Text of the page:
The media has certainly contributed to the fearmongering of housing but to suggest it is all fake news would be a gross overstatement. Solely blaming the media is non-sensical when respected bodies like the United Nations has declared the homelessness issue in San Francisco a human rights violation.7 Specifically, the UN report criticizes San Francisco and Oakland for their denial of basic services to many residents in encampments across the Bay Area.8 Note that the critique was not focused on the rent being too high. Truthfully, that assessment can be applied to most areas in California due to a severe lack of a safety net for homeless. The reason this has become a rental owner’s problem is likely due to others that claim they became homeless due to the high rise of rent and evictions. As recently noted, the media is playing “fast and loose with eviction data;” sadly, Forbes is correct that the eviction data is being misused to paint a picture of rental owners as the problem.9 However, just because the media is confusing correlation with causation does not mean that housing issues are completely fabri cated. Forbes suggests combatting this exag gerated narrative with more facts and data, but in politics a good emotionally tinged story sells far better than empirics. When thousands of people are rallying across the state, it tends to heavily influence Legislators. Understanding that simple truth is how we can move from the outside to be the first ones to be called for advice on how to address the problem.

The biggest problem for rental property owners is their image. Right now “landlord” is the nice term for owners by many in the California State Legislature, even though we know that terminology is fraught with its own negative connotations. This characterization has allowed housing advocates to suppress rental property owners’ voices and in turn remove owners from the policymaking process. Lobbyists can articulate your points, but when the general perception is that owners are the villain, it is increasingly difficult to offer substantive solutions and be taken credibly. Let’s be clear, rehabilitating the rental owners’ image will not require millions in funding or a brand-new PR campaign. Instead, it requires rental owners to be seen as one of the groups willing to engage and fight for a solution. In the past, as Part 2 will detail, owners have been proactive supporters of positive change. Owners must highlight and demonstrate sympathy of tenant issues, and illustrate the times where we have fought with, not against, housing advocates.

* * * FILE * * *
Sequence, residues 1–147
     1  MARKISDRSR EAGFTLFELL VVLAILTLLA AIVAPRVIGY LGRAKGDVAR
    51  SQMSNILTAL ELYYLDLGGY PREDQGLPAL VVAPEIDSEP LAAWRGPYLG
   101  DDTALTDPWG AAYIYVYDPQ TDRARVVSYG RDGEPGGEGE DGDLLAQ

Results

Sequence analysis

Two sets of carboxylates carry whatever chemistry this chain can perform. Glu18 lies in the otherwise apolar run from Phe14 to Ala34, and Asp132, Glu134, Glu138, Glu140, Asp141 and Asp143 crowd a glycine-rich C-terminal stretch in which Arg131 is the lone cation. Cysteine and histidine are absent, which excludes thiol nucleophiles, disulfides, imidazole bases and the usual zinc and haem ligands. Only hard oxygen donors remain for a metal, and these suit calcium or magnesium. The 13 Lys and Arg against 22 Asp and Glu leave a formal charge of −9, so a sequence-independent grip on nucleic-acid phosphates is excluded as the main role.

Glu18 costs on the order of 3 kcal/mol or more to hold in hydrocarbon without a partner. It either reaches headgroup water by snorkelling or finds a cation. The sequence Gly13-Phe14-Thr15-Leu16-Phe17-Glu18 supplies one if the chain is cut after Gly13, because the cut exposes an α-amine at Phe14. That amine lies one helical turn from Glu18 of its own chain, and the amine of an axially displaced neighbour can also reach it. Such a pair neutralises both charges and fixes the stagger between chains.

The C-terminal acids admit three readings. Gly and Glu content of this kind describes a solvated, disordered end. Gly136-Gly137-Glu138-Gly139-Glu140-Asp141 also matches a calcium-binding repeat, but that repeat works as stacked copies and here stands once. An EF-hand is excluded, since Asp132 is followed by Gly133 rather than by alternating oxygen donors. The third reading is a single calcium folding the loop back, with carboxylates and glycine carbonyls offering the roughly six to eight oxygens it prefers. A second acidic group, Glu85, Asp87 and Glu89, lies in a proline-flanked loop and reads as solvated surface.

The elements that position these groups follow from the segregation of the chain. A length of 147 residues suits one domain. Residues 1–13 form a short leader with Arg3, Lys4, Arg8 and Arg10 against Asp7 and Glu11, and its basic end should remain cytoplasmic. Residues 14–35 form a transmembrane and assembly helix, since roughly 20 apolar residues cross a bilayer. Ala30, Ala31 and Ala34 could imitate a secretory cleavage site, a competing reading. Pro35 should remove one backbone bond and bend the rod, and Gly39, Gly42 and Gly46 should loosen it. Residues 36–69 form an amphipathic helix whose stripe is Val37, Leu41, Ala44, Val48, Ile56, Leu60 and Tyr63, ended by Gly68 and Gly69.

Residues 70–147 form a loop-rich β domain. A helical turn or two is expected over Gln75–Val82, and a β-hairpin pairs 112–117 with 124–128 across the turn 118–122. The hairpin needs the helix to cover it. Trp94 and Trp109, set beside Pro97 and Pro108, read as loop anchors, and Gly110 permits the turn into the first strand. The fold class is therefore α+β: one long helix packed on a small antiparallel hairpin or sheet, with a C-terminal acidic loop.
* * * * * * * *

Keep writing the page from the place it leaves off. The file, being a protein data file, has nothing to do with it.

Owners know tenants matter and are deeply concerned with the lack of housing in California; demonstrating that will ensure our side is called before state and local legislators introduce changes to our laws and provide us with a legitimate seat at the table. The current “reactionary” approach only distances our side from the policymakers, and it is in stark contrast of our history. Refocusing our narrative and place in these conversations is not as hard as it sounds, but it starts with remembering the positive things we have sponsored and supported to ensure tenants are provided a safe and affordable space to live.

1 L.A. Times Editorial Board (2019, August 4). Editorial: In the midst of California’s housing crisis, construction slows and lawmakers stall. Retrieved from
2 Id.
3 Hughes, A. (2019, March 28). Senate Committee on Housing Bill Analysis: Senate Bill 50. Retrieved from Client.xhtml?bill_id=201920200SB50
4 Libby, S. (2019, May 31). Sacramento Report: The New Front in the SB 50 Battle Is Toni Atkins’ Wikipedia Page. Retrieved from
5 Wicks, B. (2019, February 19). Assembly Bill 724. Retrieved from
6 Chandler, J. (2019, July 10). California rent control bill advances in Senate. Retrieved from
7 Graff, A. (2018, November 5). United Nations report: SF homeless problem is ‘violation of human rights’.
Retrieved from
8 Guterres, A. (2018, September 19). Report of the Special Rapporteur on adequate housing as a component of the right to an adequate standard of living, and on the right to non-discrimination in this context. Retrieved from
9 Valdez, R. (2019, May 28). Changing The Housing Debate Part 2: There Is No Eviction Epidemic. Retrieved from

Ron can be reached at